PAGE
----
The Act was clearly designed to get to grips with the fact that the Hague Convention is not a complete solution to the problem of international child abduction, even in cases where the country that the child has been abducted to is a signatory. The obvious difficulty with the Act is that it is concerned with state-to-state action. Yet the Hague Convention, whilst a creature of international law, seeks to put right the wrongful actions of private individuals. Whilst child abduction is often state-tolerated, it is not state instigated. Despite this obvious limitation in what the legislation can achieve, the Act remains welcome because it recognises the scope of the problem and seeks to do something practical about it. The United States is the only country that has sought to legislate over this problem in such a manner, other countries seemingly to prefer the failed diplomatic route. What can be expected is that the issue of international parental child abduction will be pushed much higher up the list of diplomatic discussion points in cases involving American children and, as such, these will be matters that will be harder for harbouring countries to ignore.
My representations to the Foreign Office about this law, sent on 16 August 2014, have gone unanswered, despite a reminder sent 2 months’ afterwards. That really goes to show how much more seriously this issue is taken in the United States. It is not the sort of issue that can be put on the back burner as once a child has been abducted they will fairly quickly assimilate into a life apart from their other parent making a return far less desirable.
[i] In ‘Title 1’ (i.e. Part 1) of the Act.
[ii] In ‘Title 2’ of the Act.
[iii] In ‘Title 3’ of the Act.
[iv] s. 3 (7): the Senate Foreign Relations Committee and the House Foreign Affairs Committee.
[v] s. 101 (a).
[vi] An ‘abduction case’ has the following definition ascribed to it by point (3) of the definitions section in the Act:
The term abduction case means a case that—
- has been reported to the Central Authority of the United States by a left-behind parent for the resolution of an abduction; and
- meets the criteria for an international child abduction under the Hague Abduction Convention, regardless of whether the country at issue is a Convention country.
[vii] An ‘access case’, as distinct from an ‘abduction case’ is described at point 4 of the definition section as: ‘…a case involving an application filed with the Central Authority of the United States by a parent seeking rights of access.’
[viii] The meaning of a ‘pattern of non compliance’ is, again, set out in the definitions section (at point 19) to cover the following:
- In general
The term pattern of noncompliance means the persistent failure—
(i) of a Convention country to implement and abide by provisions of the Hague Abduction Convention;
(ii)of a non-Convention country to abide by bilateral procedures that have been established between the United States and such country; or
(iii)of a non-Convention country to work with the Central Authority of the United States to resolve abduction cases.
Persistent failure under subparagraph (A) may be evidenced in a given country by the presence of 1 or more of the following criteria:
(i)Thirty percent or more of the total abduction cases in such country are unresolved abduction cases.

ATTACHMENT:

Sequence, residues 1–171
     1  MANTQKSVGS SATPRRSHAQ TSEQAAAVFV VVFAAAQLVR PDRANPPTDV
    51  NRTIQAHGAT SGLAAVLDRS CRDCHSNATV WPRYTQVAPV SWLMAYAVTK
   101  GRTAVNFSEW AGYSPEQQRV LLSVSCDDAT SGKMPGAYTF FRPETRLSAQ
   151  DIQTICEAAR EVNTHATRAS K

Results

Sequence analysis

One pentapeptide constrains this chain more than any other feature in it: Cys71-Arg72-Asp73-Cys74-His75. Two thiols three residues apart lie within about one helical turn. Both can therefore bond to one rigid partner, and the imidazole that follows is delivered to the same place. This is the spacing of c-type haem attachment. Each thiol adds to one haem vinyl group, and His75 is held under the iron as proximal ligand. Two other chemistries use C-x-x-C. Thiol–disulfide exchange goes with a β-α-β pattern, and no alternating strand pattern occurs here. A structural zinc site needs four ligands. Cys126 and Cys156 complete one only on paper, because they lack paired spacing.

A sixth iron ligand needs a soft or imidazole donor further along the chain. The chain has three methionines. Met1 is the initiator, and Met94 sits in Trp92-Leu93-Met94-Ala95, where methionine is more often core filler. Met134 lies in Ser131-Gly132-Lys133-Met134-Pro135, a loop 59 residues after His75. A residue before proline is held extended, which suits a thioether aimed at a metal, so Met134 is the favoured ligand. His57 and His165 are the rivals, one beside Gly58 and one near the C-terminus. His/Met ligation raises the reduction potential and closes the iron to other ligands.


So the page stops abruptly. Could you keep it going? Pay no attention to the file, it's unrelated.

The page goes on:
(ii)The Central Authority regularly fails to fulfil its responsibilities pursuant to—
(I)the Hague Abduction Convention; or
(II)any bilateral procedures between the United States and such country.
(iii)The judicial or administrative branch, as applicable, of the national government of a Convention country or a bilateral procedures country fails to regularly implement and comply with the provisions of the Hague Abduction Convention or bilateral procedures, as applicable.
(iv)Law enforcement authorities regularly fail to enforce return orders or determinations of rights of access rendered by the judicial or administrative authorities of the government of the country in abduction cases.
[ix] S. 101 (c).
[x] S.102 (1) (B).
[xi] S.102 (2).
[xii] Bilateral procedures include provisions relating to the identical of domestic authorities and courts that will determine and adjudicate upon abduction and access cases and the implementation of procedures to ensure the immediate enforcement of an order for the return of an abducted child, including steps to find that child, within 6 weeks of an application being made. See generally s.102 (2) (b).
[xiii] A delay, of up to a further year, may be permitted before taking action where this ‘will substantially assist in resolving the case’: s. 102 (2).
[xiv] There are some fairly limited exceptions to these actions, and those in subsection (e), being deployed if so to do would ‘prohibit or restrict the provision of medicine, medical equipment or supplies, food, or other life-saving humanitarian assistance’: s. 102 (2) (g). There are further exceptions where the Secretary of State determines that the country concerned has ‘satisfactorily resolved’ the abduction cases giving rise to the taking of the actions; or where the ‘pattern of non compliance’ has ended; or where there are national security considerations that justify a waiver – although the Secretary of State must account to Congress in these situations. See s.204.
[xv] This prohibits the giving of US aid to governments that have engaged in a consistent pattern of human rights violations.
[xvi] This prohibits US provision of security assistance or crime control equipment to countries with poor human rights practices unless there are said to be extraordinary circumstances.
[xvii] A new s.433 is inserted into Title 4 of the 2002 Act.
[xviii] Indeed, the problem of international parental abduction in Japan can be traced back to the time of the Douglas MacArthur occupation since when large numbers of American service personnel have been based in Japan.